Long abstract: In 1991, the Mt. Pinatubo eruption seriously affected over 20,000 Ayta people who lived at the foot of the mountain in western Luzon, the Philippines. The Ayta are an Asian type negrito who made a living mainly from slash and burn agriculture, sup-plemented by the hunting of small animals and birds with a bow and arrows, collecting wild vegetables, and fishing with a spear in rivers with hand-made goggles and lubber propelled iron spear. Through years of hardship after the eruption with many relocations to different temporary stations and resettlement areas and other places, the afflicted Ayta people dramatically strengthened their awareness of being an indigenous people, through a shared common cultural heritage, everyday association, negotiation and sometimes con-flict with lowlander-Christian neighbors, government officials, NGO staff, the media and school education for children. This was not the mere recovery of or return to a pre-eruption state but regeneration as a new people living in a new place leading to the devel-opment of a new self-consciousness and lifestyle. This is a report of a case study on a natu-ral disaster that led to the creation of new kind of personhood and community, in other words, the ethnogenesis of an indigenous people.
12:00 – 12:15 PM. Reading Mag-Indi Ayta identity as hunters through games and manner of fighting
Rachelle Peneyra and Michiko Aseron (both of University of the Philippines College of Human Kinetics)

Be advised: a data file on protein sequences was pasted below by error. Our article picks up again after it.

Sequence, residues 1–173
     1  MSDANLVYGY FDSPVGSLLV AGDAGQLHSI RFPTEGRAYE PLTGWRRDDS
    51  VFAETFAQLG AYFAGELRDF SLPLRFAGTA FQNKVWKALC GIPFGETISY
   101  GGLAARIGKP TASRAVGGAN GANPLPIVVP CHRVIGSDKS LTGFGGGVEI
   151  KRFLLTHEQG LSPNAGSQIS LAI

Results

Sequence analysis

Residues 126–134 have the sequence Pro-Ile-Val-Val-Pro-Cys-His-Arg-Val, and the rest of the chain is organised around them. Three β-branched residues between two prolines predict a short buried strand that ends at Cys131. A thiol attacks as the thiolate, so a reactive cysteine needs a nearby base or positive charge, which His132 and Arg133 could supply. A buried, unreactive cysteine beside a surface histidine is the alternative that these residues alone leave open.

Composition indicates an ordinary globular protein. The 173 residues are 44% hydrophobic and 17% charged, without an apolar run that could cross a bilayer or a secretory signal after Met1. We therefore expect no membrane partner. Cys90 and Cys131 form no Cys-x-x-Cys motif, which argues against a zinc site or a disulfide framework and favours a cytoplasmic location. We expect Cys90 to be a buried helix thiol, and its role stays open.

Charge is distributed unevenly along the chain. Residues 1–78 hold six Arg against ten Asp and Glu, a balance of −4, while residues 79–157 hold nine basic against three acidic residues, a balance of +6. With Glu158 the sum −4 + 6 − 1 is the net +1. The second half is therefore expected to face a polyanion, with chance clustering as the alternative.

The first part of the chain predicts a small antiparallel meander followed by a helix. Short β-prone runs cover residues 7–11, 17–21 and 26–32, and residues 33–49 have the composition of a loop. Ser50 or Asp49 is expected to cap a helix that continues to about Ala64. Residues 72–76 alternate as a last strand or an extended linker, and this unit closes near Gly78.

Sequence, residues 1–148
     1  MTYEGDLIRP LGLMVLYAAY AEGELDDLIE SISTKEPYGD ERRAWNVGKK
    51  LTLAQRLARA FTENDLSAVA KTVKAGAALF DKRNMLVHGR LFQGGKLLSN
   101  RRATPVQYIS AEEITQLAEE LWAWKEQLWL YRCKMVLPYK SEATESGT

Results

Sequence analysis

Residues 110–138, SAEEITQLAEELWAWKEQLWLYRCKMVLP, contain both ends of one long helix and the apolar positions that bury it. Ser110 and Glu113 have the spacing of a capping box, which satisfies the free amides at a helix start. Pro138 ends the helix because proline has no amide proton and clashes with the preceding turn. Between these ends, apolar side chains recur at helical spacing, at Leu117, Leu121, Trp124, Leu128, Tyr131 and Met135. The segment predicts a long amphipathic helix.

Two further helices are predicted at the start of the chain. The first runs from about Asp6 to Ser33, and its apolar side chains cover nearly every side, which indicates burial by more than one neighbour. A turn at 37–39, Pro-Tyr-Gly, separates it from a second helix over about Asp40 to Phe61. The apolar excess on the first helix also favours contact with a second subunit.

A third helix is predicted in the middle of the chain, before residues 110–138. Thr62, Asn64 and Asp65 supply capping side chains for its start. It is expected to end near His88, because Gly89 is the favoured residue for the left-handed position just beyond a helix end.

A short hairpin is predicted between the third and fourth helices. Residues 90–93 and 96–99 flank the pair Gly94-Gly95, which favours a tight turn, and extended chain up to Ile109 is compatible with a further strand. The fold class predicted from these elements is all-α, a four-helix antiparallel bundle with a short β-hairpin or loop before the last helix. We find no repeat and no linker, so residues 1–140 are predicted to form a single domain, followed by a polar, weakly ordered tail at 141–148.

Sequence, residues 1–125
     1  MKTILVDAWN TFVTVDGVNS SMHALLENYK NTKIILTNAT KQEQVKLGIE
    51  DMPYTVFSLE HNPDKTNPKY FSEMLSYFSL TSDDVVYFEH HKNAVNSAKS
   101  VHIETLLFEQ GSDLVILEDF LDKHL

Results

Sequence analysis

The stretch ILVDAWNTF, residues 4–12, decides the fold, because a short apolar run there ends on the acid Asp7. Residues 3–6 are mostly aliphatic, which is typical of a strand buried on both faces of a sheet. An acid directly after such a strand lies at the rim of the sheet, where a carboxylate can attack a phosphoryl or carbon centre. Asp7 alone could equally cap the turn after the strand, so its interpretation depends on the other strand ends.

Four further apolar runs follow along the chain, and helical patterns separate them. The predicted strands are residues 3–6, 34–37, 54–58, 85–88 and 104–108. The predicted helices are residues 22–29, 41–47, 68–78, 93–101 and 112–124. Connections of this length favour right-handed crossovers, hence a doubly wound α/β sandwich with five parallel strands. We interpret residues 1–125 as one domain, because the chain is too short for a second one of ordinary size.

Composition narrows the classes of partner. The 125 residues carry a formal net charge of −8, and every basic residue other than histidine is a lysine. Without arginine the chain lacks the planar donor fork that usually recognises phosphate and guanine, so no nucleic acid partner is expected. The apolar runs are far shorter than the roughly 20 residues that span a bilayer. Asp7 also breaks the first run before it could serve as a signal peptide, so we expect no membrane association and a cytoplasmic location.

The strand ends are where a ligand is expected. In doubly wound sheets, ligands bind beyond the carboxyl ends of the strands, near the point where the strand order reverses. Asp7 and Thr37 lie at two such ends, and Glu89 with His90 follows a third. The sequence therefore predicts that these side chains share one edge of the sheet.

We are Physical Education teachers undertaking the documentation of games of indige-nous people of the Philippines. Our primary partners are a community of Mag-Indi Aytas in the province of Pampanga, in Central Luzon.
Long abstract: In 2013, a community of Mag-indi Aytas in the Philippines decided to re-vive their traditional games to assert their cultural identity. Now, the community elders want to preserve their manner of fighting as well. This paper describes their games and manner of fighting as translations of their identity as hunters, from the lens of physical educators. Four games are presented to describe skills developed that are used for hunting: Two are archery games that develop accuracy from various distances. The other two re-quire holding the breath for as long as possible, which are skills that support how to re-main still and undetected while closing in on their prey. What the elders have described as their manner of fighting (buwad) is posited in this paper as an extension of their hunting system, applied to people as ‘prey’. This system also takes in the physical features of Aytas, and reflects how buwad is modeled after snakes and wild cats in terms of movement pat-terns, to creep up and close in on their prey. Portraying activities in this manner reveals dimensions of physical skills as cultural texts, and expands the valuing of physical activi-ties in physical education, other than for health and entertainment.
12:15 – 12:30 PM. Discussant: Naruya Saitou